The reporting in the US is diabolical and much of the electioneering is about honesty or dishonesty. This chart shows how damaging the reporting is. From my newsfeeds and the media I’ve seen surrounding Trump and Clinton (and incidentally, Obama, who I’ve had great respect for) both are seen as unethical and dishonest. I’ve even seen Hillary Clinton bandied about as being criminal. This article Lying Liars Who Lie: 2016 Edition, (ignore the religious tones if that’s not your thing the sentiment is still the same) points out that Hillary Clinton, Barack Obama, Bernie Sanders, and Jeb Bush, are some of the most honest politicians around. Then you can take a look Donald Trump’s results…

Sometimes I wonder at people.

  • Edited on 26th July 2016 (day before posting): Having just watched Michelle Obama’s DNC (Democratic National Convention) speech, I feel things can change. It doesn’t matter which side you are on, it’s her interest and passion we need to change how politics work. Ignore who she supported if you’re not with Hillary Clinton, but notice how Michelle speaks, how she offers truth and facts with passion and without putting down the opposition with a cruel personal attack. That’s how I want my politics. 

“When someone is cruel or acts like a bully, you don’t stoop to their level. No, our motto is: when they go low, we go high.” – Michelle Obama DNC Speech 2016

Michelle Obama DNC speech 2016

Michelle Obama DNC Speech 2016 Photo taken from You Tube video

This post was not written to further my political views, but to show much I wish politics could change.

There is no strength in bullying, intimidating, or invalidating the opposition.
There is no honour in lying to the public.
There is no humanity in deceit.
So why do we fall for it and could it ever change?

Can politics and the media surrounding it ever become honest and not corrupt?

*Note on comments: everyone is allowed a valid opinion, but if any comments are deemed attacking, aggressive, or inciting they will be removed or unapproved. Don’t feed the trolls.  

 

Llandeilo Book Fair – Finding Books

Last Saturday I took part in my first book fair 
and the Llandeilo Book Fair was a lovely experience!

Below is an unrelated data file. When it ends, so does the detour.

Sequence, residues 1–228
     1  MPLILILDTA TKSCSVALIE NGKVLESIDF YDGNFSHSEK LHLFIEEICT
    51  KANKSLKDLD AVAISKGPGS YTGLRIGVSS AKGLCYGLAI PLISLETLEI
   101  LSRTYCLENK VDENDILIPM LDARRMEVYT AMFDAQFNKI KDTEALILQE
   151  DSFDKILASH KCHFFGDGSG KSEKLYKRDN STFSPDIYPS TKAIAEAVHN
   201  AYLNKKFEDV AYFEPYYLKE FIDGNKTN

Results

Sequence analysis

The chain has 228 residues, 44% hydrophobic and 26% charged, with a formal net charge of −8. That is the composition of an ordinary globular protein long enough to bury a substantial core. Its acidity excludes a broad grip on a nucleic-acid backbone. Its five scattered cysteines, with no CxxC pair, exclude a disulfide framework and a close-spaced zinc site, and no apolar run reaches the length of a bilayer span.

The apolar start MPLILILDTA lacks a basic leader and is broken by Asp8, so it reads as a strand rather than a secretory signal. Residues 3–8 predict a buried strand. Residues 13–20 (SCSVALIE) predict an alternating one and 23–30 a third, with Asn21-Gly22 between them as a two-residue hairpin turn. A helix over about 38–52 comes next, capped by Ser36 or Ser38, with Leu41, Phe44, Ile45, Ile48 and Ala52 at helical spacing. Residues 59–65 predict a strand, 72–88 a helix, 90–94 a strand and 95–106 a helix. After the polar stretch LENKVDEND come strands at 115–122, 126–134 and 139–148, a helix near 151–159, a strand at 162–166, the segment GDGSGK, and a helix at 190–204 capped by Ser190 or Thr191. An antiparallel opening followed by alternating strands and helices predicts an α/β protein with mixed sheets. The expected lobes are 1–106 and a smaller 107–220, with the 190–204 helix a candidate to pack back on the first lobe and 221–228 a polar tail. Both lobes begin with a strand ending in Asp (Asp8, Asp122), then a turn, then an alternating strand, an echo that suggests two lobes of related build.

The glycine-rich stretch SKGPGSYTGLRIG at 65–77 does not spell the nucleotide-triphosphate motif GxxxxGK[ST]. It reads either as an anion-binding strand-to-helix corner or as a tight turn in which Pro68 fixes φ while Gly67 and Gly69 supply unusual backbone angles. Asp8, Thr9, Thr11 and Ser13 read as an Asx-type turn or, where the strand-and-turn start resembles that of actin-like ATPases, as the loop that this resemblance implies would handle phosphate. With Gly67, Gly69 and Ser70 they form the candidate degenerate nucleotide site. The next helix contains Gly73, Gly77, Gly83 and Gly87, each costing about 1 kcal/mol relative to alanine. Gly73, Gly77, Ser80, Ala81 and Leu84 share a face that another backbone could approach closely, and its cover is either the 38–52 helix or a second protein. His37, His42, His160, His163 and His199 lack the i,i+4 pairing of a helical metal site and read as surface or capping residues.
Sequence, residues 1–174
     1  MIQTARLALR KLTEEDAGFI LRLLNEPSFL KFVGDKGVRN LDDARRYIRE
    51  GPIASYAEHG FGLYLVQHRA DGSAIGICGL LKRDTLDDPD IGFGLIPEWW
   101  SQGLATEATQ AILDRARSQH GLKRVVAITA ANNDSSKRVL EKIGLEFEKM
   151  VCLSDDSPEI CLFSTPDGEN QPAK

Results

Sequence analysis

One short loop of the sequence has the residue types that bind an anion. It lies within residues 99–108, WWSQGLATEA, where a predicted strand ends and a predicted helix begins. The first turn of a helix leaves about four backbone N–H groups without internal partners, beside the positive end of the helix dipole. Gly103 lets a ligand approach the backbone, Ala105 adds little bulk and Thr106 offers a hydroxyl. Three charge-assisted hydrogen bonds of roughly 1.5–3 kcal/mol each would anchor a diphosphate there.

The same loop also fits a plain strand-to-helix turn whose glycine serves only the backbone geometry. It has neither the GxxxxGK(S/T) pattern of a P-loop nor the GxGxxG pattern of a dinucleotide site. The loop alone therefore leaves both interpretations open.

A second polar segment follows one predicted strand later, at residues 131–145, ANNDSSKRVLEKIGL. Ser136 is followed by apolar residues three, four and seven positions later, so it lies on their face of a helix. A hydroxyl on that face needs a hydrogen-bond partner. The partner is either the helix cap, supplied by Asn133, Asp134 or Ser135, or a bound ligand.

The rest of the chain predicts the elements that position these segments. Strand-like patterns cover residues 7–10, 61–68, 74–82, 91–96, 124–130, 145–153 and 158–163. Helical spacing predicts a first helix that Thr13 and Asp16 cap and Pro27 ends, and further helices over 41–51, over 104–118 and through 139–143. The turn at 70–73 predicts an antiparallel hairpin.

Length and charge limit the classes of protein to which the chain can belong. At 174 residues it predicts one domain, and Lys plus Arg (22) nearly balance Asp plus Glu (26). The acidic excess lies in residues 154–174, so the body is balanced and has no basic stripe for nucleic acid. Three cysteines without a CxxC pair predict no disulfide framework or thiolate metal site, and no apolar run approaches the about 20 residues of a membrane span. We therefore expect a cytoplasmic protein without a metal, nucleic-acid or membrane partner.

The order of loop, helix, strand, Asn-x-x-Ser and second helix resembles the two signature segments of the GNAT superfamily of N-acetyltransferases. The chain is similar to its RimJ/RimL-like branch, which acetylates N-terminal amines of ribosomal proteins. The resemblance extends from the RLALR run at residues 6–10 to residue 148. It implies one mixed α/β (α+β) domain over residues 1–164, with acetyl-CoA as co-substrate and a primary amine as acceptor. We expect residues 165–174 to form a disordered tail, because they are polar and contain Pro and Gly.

I found my next book, did you?

Llandeilo Book Fair april 2016, Lisa Shambrook and authors,

I arrived at Llandeilo Civic Hall and let my nerves settle as I found my table and set up. I was actually very happy to be at the rear of the hall, a position that suited my anxiety as I could see all about me from a favourite place of mine – the corner at the back!

Lisa Shambrook Llandeilo Book Fair 2016 table

My book fair table

We were open from 10.30 to 4.30 and my daughter, Bekah, accompanied me. We learned much from the fair and the other authors, all of whom were so friendly, and most I recognised from social media. So much fun meeting people I’d only chatted online with before!

Lisa Shambrook Llandeilo Book Fair 2016

photo by Graham Watkins

Having never done a book fair before, I wondered if I was doing it right. My table set up was good, but I think I’ll be looking for a more professional table cover, one that reaches the floor. I got lots of marketing ideas from observing other stalls, but I think I did okay. I had decided to set each of my books at £5, but I think most other sellers were selling at cover prices, so maybe next time I’ll stick with £5.99 and £6.99 prices as on my books and maybe an offer for multiple sales. My banner was cool and I had both Hope Within bookmarks and business cards to offer for free.

 

lisa shambrook books, hope within novels, amaranth alchemy, bookspine bookmarks, bookpage bookmarks,

My books and Amaranth Alchemy bookmarks